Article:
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Comment Number: AGW-14046
|Sent:||Wednesday, December 30, 2009 9:43 AM|
I am a member of the Park Slope Food Coop, an organizer of a grass roots Brooklyn Food Conference held last May, and a current member of the Brooklyn Food Coalition. I am actively involved with issues of food safety and food systems through this volunteer work. Part of my activity is working to promote healthier food in the schools. I also write a series of articles in the Park Slope Food Coop's bi-weekly newspaper, the Linewaiters' Gazette, about the Plow to Plate monthly film series which features documentaries about the food system. Next month we will be showing the documentary FRESH. All of these activities have caused me to become deeply concerned about corporations' increasing control of the entire food system, also from plow to plate.
It seems to me that Cargill, Monsanto, and others, are primarily concerned with making a profit and much less concerned, if at all, with providing proper nutrition and promoting public health. Why are we subsidizing corn and other commodity crops that allow Snickers and other fast foods to be sold cheaply and not offering any subsidies to apple farmers and other producers of healthy foods? Don't we prefer to keep the doctors away to exacerbating the growing scourge of obesity and the health problems like diabetes that being overweight worsens? Is this the best use of my and other Americans' tax dollars? Seems to me that these subsidies are creating massive costs to the health system and are a very unwise use of our limited financial resources in these times of growing debt and deficits.
Additionally, I am very concerned with food safety. As I am sure you are aware, the New York Times recently did an expose on the health risks of contamination to the supply of commercially processed beef. Who ever thought eating a hamburger could kill or paralyze you? There are two tragedies to this story. One is the way it affected the life of a perfectly healthy young woman, a former dancer, who now is struggling just to learn to walk again, something doctors are skeptical of, despite her valiant efforts to recover the use of her legs. Another is the power of the corporations to self-regulate (poorly) and the powerlessness of the U.S. government to adequately protect its citizens. Clearly if there is a moral to this story it is that the balance of power needs to be reexamined and that just as the financial markets need more regulation and Wall Street cannot be expected to serve Main Street's interests, so too must we take a more proactive stance against the meat and other powerful food industry interests.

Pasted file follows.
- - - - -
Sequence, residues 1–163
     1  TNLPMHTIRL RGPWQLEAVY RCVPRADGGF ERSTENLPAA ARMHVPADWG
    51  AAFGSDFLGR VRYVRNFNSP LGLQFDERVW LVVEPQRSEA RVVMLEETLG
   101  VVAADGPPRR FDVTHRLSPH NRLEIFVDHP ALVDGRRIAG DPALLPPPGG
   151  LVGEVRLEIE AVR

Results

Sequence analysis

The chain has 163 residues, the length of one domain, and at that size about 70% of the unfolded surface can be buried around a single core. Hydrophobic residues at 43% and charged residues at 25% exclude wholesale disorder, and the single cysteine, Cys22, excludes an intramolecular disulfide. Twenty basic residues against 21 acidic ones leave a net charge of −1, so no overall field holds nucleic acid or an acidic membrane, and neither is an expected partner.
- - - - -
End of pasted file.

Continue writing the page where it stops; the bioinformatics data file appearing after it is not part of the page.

I look forward to following these issues in the coming years. Hopefully we can expect an improved Child Nutrition Act next year and a better Farm Bill in the near future. Listening to concerned, average, Americans like myself is a positive first step.
NYC Department of Youth and Community Development
156 William Street
New York, NY 10038
T: (212) 442-5976
F: (212) 442-5972
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